Certificate lifespans are getting shorter and it’s never been a better time to automate
Before 2011, certificate lifespans ran as long as a decade. In 2012, they were shortened to five years. In 2015, that became three years and in 2018, two years. As of September 2020, that became just one year. Certificate lifespans are likely to get even shorter down the line.
TLS certificate lifespans have shortened dramatically. In 2020, major browsers decided to shorten the maximum lifespan of certificates from two years to just over one year, or 398 days.
This is merely the latest in a long line of constrictions. Before 2011, certificate lifespans ran as long as a decade. In 2012, they were shortened to five years. In 2015, that became three years and in 2018, two years. As of September 2020, that became just one year. Certificate lifespans are likely to get even shorter down the line.
The security argument for it makes a lot of sense. Security bodies want to minimise the chances for private keys to be exposed and shortening certificates means that improvement to web PKI can be implemented even more quickly. Furthermore, it will force greater attention onto certificates – an area which is too often overlooked.
Whatever the price of shorter certificate lifespans, the price of a certificate-related security issue runs much higher. Perhaps the best example of this is the 2017 Equifax breach, which saw the data of over 150 million people exposed. Although the breach point was a vulnerability in Apache Struts, the US government’s autopsy of the breach found that a certificate outage had exacerbated the problem. Equifax had overlooked an expired certificate, which allowed the breach to remain undiscovered for nearly three months – 76 days – and the attackers to move stealthily through the network and siphon off the data of millions.
That is an extreme example, but certificate outages are extremely common. A recent study from Ponemon has shown that 88 percent of organisations experienced an unplanned outage in the last two years. Nearly half – 41 percent – reported that they’d experienced four or more such outages. In separate research, analysts have estimated that those outages can cost large organisations over €413,000 ($500,000) per hour.
Many enterprises already suffer from poor certificate management and if they don’t change, it will only get worse. The digital enterprise is expanding exponentially. Companies and organisations everywhere are transforming, handling more data, onboarding new identities and introducing new devices and technologies. That is going to necessitate more certificates which, if enterprises can’t effectively manage, will quickly get out of hand and lead to all kinds of damaging repercussions.
Two 2019 surveys bear this out. The first shows that 80 percent of organisations expect TLS use to grow by a quarter over the next five years – reflecting the increasing complexity of the digital enterprise. The next survey showed that 85 percent of CIOs believe that the same growing complexity is going to make certificate outages all the more damaging.
The aforementioned Ponemon study revealed two more details which drive home the unsustainability of manual certificate management. Only 38 percent of their respondents believed that they had adequate numbers of security staff to effectively manage their PKI. Furthermore, 74 percent revealed they did not know how many or what kind of certificates they were using.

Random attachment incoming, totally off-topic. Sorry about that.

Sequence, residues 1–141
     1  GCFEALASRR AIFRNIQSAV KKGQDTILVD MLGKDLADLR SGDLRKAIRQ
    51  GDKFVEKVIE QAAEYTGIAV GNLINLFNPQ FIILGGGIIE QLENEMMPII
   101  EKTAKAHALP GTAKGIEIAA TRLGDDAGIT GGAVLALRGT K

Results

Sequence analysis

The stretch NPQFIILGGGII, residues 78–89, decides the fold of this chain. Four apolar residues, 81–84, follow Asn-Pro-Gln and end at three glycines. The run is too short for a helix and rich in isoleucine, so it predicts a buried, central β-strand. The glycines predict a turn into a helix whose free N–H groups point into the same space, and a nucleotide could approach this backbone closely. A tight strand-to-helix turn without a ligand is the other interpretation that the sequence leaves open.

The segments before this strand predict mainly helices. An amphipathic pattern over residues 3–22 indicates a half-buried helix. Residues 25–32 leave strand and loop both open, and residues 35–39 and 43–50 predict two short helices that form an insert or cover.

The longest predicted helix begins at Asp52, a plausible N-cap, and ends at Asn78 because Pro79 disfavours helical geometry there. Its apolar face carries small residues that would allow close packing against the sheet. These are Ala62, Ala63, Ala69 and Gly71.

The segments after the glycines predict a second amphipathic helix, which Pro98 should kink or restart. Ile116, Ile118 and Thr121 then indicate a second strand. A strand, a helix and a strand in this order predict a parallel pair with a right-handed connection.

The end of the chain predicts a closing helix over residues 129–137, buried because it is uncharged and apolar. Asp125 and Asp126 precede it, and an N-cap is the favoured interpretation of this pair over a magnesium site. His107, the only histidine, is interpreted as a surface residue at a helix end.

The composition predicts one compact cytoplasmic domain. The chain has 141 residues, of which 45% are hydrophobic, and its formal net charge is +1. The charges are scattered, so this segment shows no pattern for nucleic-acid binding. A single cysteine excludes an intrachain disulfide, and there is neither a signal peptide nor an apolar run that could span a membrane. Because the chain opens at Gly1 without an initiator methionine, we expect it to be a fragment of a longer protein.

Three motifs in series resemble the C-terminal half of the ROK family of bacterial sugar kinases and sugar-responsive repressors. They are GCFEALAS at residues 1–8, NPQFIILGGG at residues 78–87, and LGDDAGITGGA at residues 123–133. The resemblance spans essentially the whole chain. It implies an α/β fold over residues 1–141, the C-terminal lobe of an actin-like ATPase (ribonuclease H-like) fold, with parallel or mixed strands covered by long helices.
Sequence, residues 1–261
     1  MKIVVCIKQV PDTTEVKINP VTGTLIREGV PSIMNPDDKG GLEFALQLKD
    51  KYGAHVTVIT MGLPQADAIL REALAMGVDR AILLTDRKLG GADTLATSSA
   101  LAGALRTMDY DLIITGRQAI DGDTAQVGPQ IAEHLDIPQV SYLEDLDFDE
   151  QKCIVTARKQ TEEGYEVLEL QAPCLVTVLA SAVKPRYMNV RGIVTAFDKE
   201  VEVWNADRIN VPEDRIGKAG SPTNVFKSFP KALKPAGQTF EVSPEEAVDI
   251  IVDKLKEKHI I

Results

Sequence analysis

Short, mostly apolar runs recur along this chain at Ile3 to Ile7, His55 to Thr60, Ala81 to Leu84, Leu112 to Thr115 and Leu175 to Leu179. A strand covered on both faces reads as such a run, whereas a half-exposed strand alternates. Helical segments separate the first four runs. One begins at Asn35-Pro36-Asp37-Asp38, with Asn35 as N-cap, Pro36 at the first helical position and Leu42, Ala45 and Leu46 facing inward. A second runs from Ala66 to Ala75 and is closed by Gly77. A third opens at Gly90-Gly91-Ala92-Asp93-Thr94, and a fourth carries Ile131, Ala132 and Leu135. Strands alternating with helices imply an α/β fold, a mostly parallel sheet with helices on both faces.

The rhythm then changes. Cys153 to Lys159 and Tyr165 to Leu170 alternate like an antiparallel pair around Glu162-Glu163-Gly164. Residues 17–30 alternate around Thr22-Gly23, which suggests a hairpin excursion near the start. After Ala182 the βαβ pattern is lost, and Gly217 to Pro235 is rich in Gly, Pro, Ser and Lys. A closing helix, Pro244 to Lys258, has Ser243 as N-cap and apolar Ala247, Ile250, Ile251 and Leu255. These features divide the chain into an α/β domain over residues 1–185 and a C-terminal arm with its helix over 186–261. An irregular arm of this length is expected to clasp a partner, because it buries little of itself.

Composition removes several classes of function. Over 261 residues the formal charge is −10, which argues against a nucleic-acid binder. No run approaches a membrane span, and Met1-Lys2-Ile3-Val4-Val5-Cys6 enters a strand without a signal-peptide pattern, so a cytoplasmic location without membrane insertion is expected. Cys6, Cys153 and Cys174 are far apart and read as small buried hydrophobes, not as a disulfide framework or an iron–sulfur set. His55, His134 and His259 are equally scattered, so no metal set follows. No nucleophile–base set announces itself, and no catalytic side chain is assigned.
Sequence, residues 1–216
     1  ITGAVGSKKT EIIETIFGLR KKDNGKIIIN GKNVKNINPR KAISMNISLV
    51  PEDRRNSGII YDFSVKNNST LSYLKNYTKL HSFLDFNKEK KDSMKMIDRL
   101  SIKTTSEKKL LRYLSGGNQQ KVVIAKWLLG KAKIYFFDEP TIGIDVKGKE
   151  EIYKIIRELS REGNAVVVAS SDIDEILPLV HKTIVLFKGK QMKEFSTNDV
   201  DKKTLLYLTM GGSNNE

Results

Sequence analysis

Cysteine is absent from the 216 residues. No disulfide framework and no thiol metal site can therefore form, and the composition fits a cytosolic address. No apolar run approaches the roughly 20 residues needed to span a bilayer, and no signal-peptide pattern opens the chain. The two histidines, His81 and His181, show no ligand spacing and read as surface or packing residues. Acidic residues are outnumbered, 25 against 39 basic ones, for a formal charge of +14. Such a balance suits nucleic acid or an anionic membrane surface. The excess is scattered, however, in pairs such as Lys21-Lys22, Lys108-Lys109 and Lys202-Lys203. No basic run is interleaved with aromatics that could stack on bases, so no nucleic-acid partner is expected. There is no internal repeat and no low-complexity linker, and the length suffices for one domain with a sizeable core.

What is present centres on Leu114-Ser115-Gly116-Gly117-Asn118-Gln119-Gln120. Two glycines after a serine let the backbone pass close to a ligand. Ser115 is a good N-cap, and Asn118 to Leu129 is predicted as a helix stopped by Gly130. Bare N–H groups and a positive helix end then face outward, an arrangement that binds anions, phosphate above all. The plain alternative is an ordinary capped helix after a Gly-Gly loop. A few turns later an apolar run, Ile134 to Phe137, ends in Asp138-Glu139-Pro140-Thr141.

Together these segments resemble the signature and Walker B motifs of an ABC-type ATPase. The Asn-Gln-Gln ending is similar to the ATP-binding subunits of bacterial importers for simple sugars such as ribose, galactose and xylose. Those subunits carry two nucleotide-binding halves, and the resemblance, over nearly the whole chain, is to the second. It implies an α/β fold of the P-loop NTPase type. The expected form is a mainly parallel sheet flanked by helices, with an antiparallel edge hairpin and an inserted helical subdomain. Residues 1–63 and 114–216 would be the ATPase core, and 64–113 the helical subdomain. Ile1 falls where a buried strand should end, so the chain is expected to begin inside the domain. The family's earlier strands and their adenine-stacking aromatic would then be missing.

Certificate management is a hard job to do manually – especially given the size and complexity of the modern network. The CA/B forum’s baseline requirements say that in the case of compromise, keys should be replaced within 24 hours. Many organisations struggle with that, and will continue to do so if they cannot automate renewal and revocation functions. That’s why automating the certificate lifecycle makes so much sense.
The request, provisioning, renewal and revocation functions of certificate management can all be automated, thus taking onerous manual labour off the hands of IT security staff and handing it off to a machine. From there, certificate automation tools can enable faster decisions founded on real-time actionable insights into your certificate inventory. Certificates can be automatically renewed; expiry windows can be quickly addressed and outages can no longer bring an organisation to its knees.
While many have not yet done so, I predict certificate automation will become a foregone conclusion. The visibility into the certificate lifecycle and the agility gained from automation is hard to turn down. In the near future, it could be impossible to turn down. Compliance is problematic for certificate management and automation may be required to comply with international regulations like the General Data Protection Regulation (GDPR).
The shortening of certificate lifespans might be seen as a burden, but it should be considered a prompt. Enterprises need to pay much greater attention to their certificates and automation provides a way for them to do that. Even if the potential security outcomes of mismanagement aren’t of prime concern for them, then compliance should be.
Enterprises already have a problem in managing their certificates. With the increasing complexity of the digital enterprise and the ever shortening lifespan of certificates, automation may soon be the only way to get PKI under control.